Thursday, August 30, 2018

Timeline in Psychiatry

Hello Medicowesomites! While studying psychiatry, you must have realised diagnosis of any condition requires two parameters:

1. Clinical presentation
2. Time

This post enlists how to make a psychiatric diagnosis in time.

Author's note: This blogpost is intended for an audience having a foundation knowledge of the subject.
It does not explain any concept or review any literature, instead serves as a quick cheat sheet for timeline required to make a psychiatric diagnosis.

[Kindly click on the image to view the table clearly]

Happy studying!

-- Ashish Singh

Wednesday, August 29, 2018

Hering's law of equal innervation

Now to study this law, we need to know clinical function diagram of eye muscles.

So according to this diagram,
Right SR is responsible for elevating right eye to right side.
Similarly, Left IO is responsible for elevating left eye to right side.

Since both the muscles are performing same action on two different eyes using two different muscles they are called yoke muscles of each other.
This is Hering's law of equal innervation.

Now, here is a trick to solve problem without looking into the diagram:

Right gets converted to Left.
S (Superior) gets converted to I (Inferior)
O (Oblique) gets converted to R (Rectus)
So the mnemonic for remembering muscle change is
ROSI (You can remember it as ROSS from friends!)
R gets converted to O.
S gets converted to I.
-Demotional bloke

Movements of eye muscles.

This post is actually the primary post for squint studies. Just basic post so we can explore squint in easy and simplified manner.
So there are seprate diagrams for anatomical and clinical functions. In this post we will go for former part.
Anatomical functions diagram.

Note: Don't use this diagram when you are studying squint. This diagram is used only for movements of eye muscles.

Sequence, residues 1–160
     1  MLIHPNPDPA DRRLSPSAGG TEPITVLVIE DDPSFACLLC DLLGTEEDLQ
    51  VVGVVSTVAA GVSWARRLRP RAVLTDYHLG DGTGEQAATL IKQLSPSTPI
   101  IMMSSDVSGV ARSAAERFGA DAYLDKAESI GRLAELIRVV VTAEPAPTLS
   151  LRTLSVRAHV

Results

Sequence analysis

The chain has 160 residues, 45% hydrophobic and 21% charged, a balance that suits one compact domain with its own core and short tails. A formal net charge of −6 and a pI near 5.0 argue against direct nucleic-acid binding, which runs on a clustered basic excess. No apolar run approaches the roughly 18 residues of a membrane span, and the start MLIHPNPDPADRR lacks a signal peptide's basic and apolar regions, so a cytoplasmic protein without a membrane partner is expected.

So every muscle has 3 actions except medial and lateral rectus.
Actions are divided into three types Primary, secondary and tertiary.
We know the basic or primary action of superior and inferior rectus is to elevate and depress the eyeball respectively.
According to the diagram given you also know that superior rectus can intort and adduct. Similarly, inferior rectus can extort and adduct the muscles.

How to remember this?
1) Through diagram.
2) Trick: Recti muscles are adductors

Now comes to SO(Superior oblique) and IO(Inferior oblique). Now this is also basic which we fail to notice often. These muscles are coming to tarsus part of eye obliquely. So, primary action is intortion and extortion respectively. Now go to diagram and you will notice that IO actually corresponds to SR hence it performs elevation and SO corresponds to IR so it performs depression.
Also, both the muscles are "Abductors"

How to remember this?
1) Diagram off course!
2) Trick: Superior muscles are Intorters and inferior muscles are extorters.
To keep the things in apple pie order I have made this chart. Hope it helps.
-Demotional bloke

Tuesday, August 7, 2018

Friday, August 3, 2018

Stop Antibiotic Abuse!

Hello Everyone,

It's been really long since the last post! Well it's been hectic all the way to and through residency.

I was recently researching on the topic of antibiotics while I stumbled upon this excellent piece of information cum approach by Dr.Strong on starting Anbiotics.

Well everyone should ask themselves these 12 questions before starting any antibiotic for one's patient and trust me you'll end up choosing the most appropriate one.
This is how we don't contribute to the Antibuse- "Antibiotic Abuse"( my personal neologism)

So now coming back to the questions, ask yourself these questions before you start any antibiotics,

1) What condition is being treated?
2) What are the commonly known bacterial species causing that condition?
3) Which antibiotic group is typically active against those?
4) What are the local resistance patterns for the chose antibiotic?
5)Will there be adequate organ penetration?
6) What is the preferred route of administration?
7)Any specific contraindication of the antibiotic to look out for?
8) Any required dose adjustment for coexisting renal or hepatic diseases?
9) Any specific drug interactions to be considered?
10) When on therapy anything that needs periodic monitoring?
11) How can the therapy be narrowed once bacterial sensitivities are available?
12) What will be the anticipated duration of the therapy?

Let's take a step towards stopping the rampant Antibuse.

That's all for now.

Let's learn Together!
-Medha Vyas.

Thursday, August 2, 2018

Ring-enhancing lesion in an immunocompromised host

Hello everyone,

If it is a ring-enhancing lesion in an immunocompromised host, the most commonly seen etiologies are Cerebral toxoplasmosis (50%) and Primary central nervous system (CNS) lymphoma (30%).

But let's talk about the uncommon etiologies -

ECG quiz: ST elevation in aVR and ST depression in other leads

Quiz question: ST elevation in aVR and ST depression in other leads is suggestive of?